Here’s the complete video where you can perhaps puzzle out a few more details.

Update: there is also some Q&A in the comments here.

Graphics rendering is Direct2D or Direct3D on Windows, OpenGL on Mac. FireMonkey renders all components through the graphics API, it does not support use native OS components, though Embarcadero’s Michael Swindell says:

FireMonkey client area controls are rendered by OpenGL on Mac, but appear and work just like Cocoa controls – or however you want them to. There are many different Cocoa UI styles in OSX apps, and Firemonkey can render any of them – including iTunes, or Prokit which is an Apple UI style for Pro apps like Final Cut, not available to devs via Cocoa. Windows are Cocoa Windows and the client areas and all user controls are rendered by OpenGL in HD(2D) or 3D. Menus are std and rendered by Cocoa in the menu bar, and common dialogs are rendered by Cocoa. If the “true OSX” look isn’t for you, you’re welcome to use any included Style, download a custom style, or create your own custom style.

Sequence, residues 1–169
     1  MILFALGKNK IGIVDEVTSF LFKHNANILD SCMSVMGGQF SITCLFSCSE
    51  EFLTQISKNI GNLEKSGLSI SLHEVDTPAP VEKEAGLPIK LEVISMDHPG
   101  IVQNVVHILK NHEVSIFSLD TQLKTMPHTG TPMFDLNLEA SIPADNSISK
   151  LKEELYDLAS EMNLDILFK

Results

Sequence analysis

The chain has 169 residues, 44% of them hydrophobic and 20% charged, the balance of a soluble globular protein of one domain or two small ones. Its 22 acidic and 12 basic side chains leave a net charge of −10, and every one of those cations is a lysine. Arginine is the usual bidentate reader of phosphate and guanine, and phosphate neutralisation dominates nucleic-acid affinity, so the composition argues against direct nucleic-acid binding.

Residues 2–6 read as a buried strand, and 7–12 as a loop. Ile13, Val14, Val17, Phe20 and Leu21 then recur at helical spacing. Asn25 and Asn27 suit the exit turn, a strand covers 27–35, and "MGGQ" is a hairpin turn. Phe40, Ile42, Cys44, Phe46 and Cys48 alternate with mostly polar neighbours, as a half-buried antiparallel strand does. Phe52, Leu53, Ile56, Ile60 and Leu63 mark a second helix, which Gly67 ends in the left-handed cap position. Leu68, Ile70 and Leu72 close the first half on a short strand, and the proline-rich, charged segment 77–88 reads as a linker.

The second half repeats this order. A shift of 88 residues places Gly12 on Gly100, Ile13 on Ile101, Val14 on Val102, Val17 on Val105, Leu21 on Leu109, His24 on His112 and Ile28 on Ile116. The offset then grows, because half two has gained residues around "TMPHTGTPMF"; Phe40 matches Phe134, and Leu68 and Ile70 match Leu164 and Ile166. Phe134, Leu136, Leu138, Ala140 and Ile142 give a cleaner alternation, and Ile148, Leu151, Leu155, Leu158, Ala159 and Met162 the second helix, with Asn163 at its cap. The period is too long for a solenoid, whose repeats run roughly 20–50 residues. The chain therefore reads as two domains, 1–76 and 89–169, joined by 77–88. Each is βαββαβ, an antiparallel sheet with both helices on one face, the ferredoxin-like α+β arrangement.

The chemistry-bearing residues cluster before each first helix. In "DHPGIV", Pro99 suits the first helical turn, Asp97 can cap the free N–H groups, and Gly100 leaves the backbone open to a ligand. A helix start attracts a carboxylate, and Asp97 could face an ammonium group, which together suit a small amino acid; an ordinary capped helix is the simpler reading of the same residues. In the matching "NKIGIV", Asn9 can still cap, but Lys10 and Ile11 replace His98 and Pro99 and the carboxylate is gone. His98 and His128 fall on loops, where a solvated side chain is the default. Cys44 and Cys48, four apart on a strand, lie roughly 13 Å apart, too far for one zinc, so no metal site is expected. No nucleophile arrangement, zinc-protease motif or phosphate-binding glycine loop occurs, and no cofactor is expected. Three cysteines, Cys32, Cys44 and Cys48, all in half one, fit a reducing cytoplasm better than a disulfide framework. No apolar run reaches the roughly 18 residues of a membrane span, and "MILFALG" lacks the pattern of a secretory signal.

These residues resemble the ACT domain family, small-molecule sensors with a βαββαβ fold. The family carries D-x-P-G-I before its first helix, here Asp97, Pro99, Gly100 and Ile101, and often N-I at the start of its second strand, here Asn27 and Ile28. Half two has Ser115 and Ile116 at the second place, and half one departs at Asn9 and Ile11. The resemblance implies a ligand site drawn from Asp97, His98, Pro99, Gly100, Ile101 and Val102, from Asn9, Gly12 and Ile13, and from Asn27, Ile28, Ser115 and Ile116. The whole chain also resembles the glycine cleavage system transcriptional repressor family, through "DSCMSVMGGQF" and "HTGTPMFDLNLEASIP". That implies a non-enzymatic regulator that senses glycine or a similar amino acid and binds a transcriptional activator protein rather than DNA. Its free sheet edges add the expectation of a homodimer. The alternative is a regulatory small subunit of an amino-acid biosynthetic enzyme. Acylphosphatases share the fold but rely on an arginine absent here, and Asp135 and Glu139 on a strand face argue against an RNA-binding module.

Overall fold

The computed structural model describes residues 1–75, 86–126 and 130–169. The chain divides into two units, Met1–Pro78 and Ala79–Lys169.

Swindell also addresses the matter of Linux and Android:

We do plan Linux and Android. But no eta yet until we get Win/OSX/iOS out. We would also like to provide language bindings for other languages.

Finally, a bit more about that Platform Assistant:

Developer requires a PC and a Mac (or Mac with VM running Windows). You will develop on Windows, and use the platform assistant (PA running on your Mac) to compile natively to your Mac and the PA handles debugging communication between the Mac and your IDE running on Windows. Delphi (or C++Builder) and Firemonkey create compiled stand alone OSX executables that you can sell/distribute to your users. They are native Mac apps. They “copy install” and run like any other Mac app, or you can use a Mac installer if you like.